Increased political prioritization of MNCH implicitly calls for similar attention to HRH issues. The 20% decrease in neonatal mortality in Uganda between 2000 and 2010 was attributed to its constellation of evolving policies – e.g., its Roadmap to Accelerating the Reduction of Maternal and Neonatal Mortality and Child Survival Strategy – many of which called for increased training and deployment of HRH to meet the strategic objectives [59]. Similar to Uganda’s broad policy response, Rwanda has implemented a Sexual and Reproductive Health Policy (under the Health Sector Policy), Facility-based Childbirth Policy, and a National Family Planning Policy, all of which require a robust HRH supply. In light of this, and the HRH shortages resulting from the 1994 genocide, Rwanda politically backed an increased production of doctors, nurses, and midwives for the public sector between 2005 and 2008; the majority were deployed to rural areas [60].

Ghana’s National Reproductive Health Service Policy and Standards, revised in 2003, reformed regulations for the provision of reproductive health services and required associated training: essential obstetric care, life-saving skills, safe motherhood, manual vacuum aspirations, and post-abortion care [61]. The scoping review identified two papers examining this policy through the lens of abortion provision. One analyzed the cost-effectiveness of post-abortion care (PAC) training and the individual levels of provision among doctors and midwives. Of the 28% of clinicians in the study providing PAC after receiving the training, 80% were doctors and 20% midwives. Although training midwives results in a lower yield of PAC – which may increase if the identified barriers to provision are addressed – than training doctors, it is suggested that midwife PAC training is an efficient and cost-effective method to reduce maternal mortality due to unsafe abortions [62]. The other applied policy theory to identify overall provider-related barriers to its implementation of the National Reproductive Health Service Policy and Standards. The researchers found that the conflict between doctors’ and midwives’ responsibilities as health providers and their personal moral and religious values was the most significant barrier to providing safe-abortion services. Although obstetricians were exposed to a greater body of medical and public health information, allowing for the tempering of religious views, the more rurally located midwives had lower access to such information and were therefore more driven by their fundamental religious beliefs [63].

Legislation in South Africa established qualified midwives as legal abortion providers; as of 2003, 135 midwives had completed training and safe abortion provision went from 714 in 1997 to 5,168 in 1999. Physical deployment was not addressed in this policy, however, it demonstrated a unique strategy of utilizing midwives, a provider with a significant pre-existing presence in rural communities [64]. Additionally, South Africa’s Cervical Screening policy mandated nurse training in Pap smear provision, again recognizing the potential of upgrading skills of previously deployed HRH [65].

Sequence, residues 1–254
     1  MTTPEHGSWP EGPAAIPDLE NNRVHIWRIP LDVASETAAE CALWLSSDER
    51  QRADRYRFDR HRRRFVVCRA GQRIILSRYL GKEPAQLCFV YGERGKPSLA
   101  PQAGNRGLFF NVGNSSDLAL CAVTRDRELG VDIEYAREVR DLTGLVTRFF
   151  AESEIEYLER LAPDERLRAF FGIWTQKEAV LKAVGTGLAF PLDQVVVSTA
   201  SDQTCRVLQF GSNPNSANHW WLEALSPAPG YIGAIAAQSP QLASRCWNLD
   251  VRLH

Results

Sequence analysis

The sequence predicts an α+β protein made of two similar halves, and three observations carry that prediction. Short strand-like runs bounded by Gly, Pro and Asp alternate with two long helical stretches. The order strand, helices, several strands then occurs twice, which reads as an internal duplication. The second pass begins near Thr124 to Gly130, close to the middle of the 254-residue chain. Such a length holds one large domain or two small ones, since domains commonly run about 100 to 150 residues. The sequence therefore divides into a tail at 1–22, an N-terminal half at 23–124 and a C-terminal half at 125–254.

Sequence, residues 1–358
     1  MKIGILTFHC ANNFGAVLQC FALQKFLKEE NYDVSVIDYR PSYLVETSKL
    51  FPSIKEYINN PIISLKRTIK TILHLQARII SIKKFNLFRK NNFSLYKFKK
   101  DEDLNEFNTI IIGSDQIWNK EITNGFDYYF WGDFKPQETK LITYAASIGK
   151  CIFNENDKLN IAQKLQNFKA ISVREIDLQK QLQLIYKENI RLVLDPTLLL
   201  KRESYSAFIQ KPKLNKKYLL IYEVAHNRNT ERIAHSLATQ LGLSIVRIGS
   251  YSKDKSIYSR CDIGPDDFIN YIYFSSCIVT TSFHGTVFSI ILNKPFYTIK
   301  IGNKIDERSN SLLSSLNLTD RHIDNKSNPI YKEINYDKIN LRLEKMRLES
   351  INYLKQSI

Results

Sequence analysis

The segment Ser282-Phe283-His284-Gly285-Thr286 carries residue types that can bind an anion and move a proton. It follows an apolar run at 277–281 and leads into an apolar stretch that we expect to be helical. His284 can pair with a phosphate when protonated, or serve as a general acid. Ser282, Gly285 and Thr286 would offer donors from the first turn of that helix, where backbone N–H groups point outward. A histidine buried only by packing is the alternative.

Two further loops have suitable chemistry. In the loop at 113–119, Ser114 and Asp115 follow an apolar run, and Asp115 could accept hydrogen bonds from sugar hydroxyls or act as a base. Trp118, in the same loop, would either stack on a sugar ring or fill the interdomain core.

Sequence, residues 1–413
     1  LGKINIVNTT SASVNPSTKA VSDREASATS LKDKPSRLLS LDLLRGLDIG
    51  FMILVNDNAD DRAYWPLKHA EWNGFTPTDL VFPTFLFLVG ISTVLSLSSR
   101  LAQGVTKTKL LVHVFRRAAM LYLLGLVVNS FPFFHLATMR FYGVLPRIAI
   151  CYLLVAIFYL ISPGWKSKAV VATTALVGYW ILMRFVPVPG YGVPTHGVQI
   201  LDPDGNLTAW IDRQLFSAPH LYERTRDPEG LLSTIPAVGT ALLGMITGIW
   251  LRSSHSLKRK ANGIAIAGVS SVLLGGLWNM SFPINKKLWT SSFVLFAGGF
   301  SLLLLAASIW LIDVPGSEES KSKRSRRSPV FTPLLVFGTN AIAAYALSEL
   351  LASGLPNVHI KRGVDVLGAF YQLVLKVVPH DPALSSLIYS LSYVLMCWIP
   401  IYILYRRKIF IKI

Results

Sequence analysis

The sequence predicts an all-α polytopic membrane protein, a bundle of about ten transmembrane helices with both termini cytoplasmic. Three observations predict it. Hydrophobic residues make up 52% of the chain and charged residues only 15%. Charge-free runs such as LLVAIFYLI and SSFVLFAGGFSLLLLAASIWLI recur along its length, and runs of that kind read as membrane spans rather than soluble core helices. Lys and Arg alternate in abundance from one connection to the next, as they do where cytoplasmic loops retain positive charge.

Non-peer reviewed literature

Phase I

At the time of scoping review, the assessed MoH websites varied widely in the functionality and availability of relevant documents. South Africa’s MoH website, Ghana’s MoH/Ghana Health Service website, and Mozambique’s Human Resources Observatory provided a wide assortment of relevant policy documents. Several other MoHs had operational websites, but had reduced functionality due to broken links, sections designated as “under construction”, and/or a lack of available policy documents. MoH websites of some countries were not located at all. Information on content, implementation, and impact of relevant policies for a selected sub-set of countries is provided in the full report [17].

Phase II

Scoping of the selected websites produced a wide variety of applicable literature for the country sub-set selected for the in-depth policy review following the scoping: professional guidelines and protocols, independent policy evaluations, conference notes and proceedings, and additional peer-reviewed literature. These documents, though not synthesized as part of this paper, were used to frame the issues of HRH and MNCH and to inform the country context for the in-depth policy analysis described in the full report [17] and to identify relevant policies to guide specific inquiries for additional information to the AG.

No official government policy documents that met the inclusion criteria (i.e., training and/or deployment of nurses, midwives, and doctors for MNCH in rural Africa) were available through the website scoping. Considering the narrow parameters of the research questions, this was not unexpected. Many of the official government policy documents located via directed Google searches were hosted on websites administrated by international organizations such as the United Nations Population Fund and WHO.

Discussion